Last year when I did my first “big day”, I found 92 species of birds in one day. So you know of course what my goal was this year: 100. And once I told people about my goal for the day, and that a dollar for each bird identified would go to Bird Studies Canada, they were more than willing to lend a hand.
Just so you know I don’t always go sneaking around in the woods and swamps by myself.
Back to the birds. Warblers! So many kinds! So many songs! Presqu’ile in the morning by the lakeshore is just magic for finding these flying jewels. The midges (little insects) hatch at just the right time, perfect for these little birds who have just crossed over the vast expanse of Lake Ontario. I am still learning my warbler songs. There are about 25 warbler species that are pretty common to find in our area and they have songs that are different, but all high and fast and often hard to tell apart in the moment. So this is where my camera helps. I can always review later.
As the day went on I had such a wonderful time exploring the trails of the park and the different habitats like beaches, forests, and fields. I had some idea of how many species I had found, but I knew it was by no means accurate. I may have double counted something, or conversely, left it off the list. There were also some species I needed to check photos of to be sure. So as the day passed and my little book began to get fuller and fuller, I felt I was probably on the right track. However, new birds come far more slowly at the end of the day, as all the “easy” or common birds- like Robins and Chickadees- have already been accounted for. But there are always happy surprises.
Such good news- Endangered Piping Plovers have arrived at the beach at the park, and two of them have mated and may be starting to nest. Piping Plovers have not nested there for years, so this is extremely good news. Park staff have put up a rope barrier around their nesting territory so people will not walk through and destroy the nest by mistake. The nests are just little scrapes in the sand with a few tiny items from the beach inside, so are very easy to miss.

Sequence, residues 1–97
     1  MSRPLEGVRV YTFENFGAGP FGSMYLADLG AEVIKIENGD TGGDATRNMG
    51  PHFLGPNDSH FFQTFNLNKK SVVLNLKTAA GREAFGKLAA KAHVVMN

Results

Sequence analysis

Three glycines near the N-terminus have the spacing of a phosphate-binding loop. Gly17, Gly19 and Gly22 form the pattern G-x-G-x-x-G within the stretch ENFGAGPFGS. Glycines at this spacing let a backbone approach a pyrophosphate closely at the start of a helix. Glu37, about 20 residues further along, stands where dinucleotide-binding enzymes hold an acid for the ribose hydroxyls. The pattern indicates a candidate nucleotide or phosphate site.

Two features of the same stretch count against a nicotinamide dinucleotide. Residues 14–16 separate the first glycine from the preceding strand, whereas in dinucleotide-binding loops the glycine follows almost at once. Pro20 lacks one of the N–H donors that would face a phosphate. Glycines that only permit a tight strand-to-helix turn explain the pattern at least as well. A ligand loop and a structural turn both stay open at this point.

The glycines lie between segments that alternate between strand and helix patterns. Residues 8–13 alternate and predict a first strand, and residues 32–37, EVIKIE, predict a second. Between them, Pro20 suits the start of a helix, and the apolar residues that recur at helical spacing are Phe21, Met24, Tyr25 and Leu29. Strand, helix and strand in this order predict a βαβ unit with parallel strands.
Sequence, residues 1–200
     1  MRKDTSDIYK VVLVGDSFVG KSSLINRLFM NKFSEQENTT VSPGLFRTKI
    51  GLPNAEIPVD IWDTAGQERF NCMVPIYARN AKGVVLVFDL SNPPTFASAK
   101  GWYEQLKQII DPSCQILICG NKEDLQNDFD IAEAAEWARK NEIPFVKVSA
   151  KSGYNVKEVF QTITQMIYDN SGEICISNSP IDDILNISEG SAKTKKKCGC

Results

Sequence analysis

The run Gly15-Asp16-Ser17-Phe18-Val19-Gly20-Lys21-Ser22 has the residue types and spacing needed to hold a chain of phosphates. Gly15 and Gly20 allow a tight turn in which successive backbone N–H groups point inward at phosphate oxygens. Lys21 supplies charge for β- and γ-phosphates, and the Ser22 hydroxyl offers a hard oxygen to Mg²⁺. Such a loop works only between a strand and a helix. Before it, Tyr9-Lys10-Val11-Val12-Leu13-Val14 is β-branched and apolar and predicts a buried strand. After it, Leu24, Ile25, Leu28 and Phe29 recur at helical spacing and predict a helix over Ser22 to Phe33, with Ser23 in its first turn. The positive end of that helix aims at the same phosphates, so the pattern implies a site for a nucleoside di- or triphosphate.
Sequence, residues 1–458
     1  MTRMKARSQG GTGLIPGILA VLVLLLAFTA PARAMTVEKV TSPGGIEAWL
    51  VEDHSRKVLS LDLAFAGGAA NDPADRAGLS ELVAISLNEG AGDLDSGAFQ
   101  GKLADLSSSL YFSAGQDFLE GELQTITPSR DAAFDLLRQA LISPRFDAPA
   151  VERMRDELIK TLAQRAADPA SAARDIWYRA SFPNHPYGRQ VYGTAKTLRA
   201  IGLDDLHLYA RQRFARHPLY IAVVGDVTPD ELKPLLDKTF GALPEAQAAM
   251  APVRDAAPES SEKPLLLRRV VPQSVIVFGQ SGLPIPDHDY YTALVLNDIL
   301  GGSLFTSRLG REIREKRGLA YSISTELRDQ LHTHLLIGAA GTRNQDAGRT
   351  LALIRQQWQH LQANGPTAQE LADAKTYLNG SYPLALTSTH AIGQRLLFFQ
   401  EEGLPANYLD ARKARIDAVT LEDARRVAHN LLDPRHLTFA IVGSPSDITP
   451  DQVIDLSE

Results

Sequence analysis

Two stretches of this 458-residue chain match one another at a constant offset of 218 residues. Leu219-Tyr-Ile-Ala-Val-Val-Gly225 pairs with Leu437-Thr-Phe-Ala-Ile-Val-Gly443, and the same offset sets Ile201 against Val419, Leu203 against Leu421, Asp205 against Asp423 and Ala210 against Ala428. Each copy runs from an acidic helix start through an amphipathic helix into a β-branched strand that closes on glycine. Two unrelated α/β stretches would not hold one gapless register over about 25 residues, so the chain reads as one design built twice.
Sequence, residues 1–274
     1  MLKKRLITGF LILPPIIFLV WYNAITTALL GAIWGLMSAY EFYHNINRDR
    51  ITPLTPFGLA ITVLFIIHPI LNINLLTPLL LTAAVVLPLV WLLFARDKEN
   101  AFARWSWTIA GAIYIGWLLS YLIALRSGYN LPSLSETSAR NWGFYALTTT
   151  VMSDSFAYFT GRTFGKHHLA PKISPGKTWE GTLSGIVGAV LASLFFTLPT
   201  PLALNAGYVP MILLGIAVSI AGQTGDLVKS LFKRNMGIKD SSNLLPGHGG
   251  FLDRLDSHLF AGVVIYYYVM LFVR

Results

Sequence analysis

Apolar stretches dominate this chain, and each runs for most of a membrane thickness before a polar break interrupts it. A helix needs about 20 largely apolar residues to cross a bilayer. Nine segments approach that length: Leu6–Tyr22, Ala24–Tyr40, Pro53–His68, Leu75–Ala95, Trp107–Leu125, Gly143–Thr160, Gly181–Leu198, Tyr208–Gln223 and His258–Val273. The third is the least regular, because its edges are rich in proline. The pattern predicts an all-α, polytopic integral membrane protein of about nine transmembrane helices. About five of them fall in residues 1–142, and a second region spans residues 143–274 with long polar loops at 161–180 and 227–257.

This is this year’s annual park pass. Let’s hope it is a sign of great things to come!
One of my last birds of the day was an American Bittern in the marsh. These birds make a very loud and strange pumping sound, but this particular individual was just sitting quietly, trying to look like the grass and cattails. By 7:30 I was home, and went on one last walk under an almost-full moon to listen for night birds.
Once my official tally was finished- reporting only the birds I am positive about the ID, I had my species total for 2016: 101. Just think- all those different kinds of birds were out there yesterday, in an area between my house and the tip of Presqu’ile Park, which is only a 20 minute drive away. Sure, my phone tells me I walked 18 kilometres yesterday. But you don’t have to bird all day and night and walk any huge distance to enjoy the flow of nature right through your own backyard. If you hear a new bird you haven’t heard before, go out and find what it is. There are all kinds of apps for phones now that make birding ID much easier than it used to be. Or ask a friend to go birding with you. Then at least you can lurk around in the woods together.
Here’s my official list from yesterday. Thanks for visiting my blog! Leslie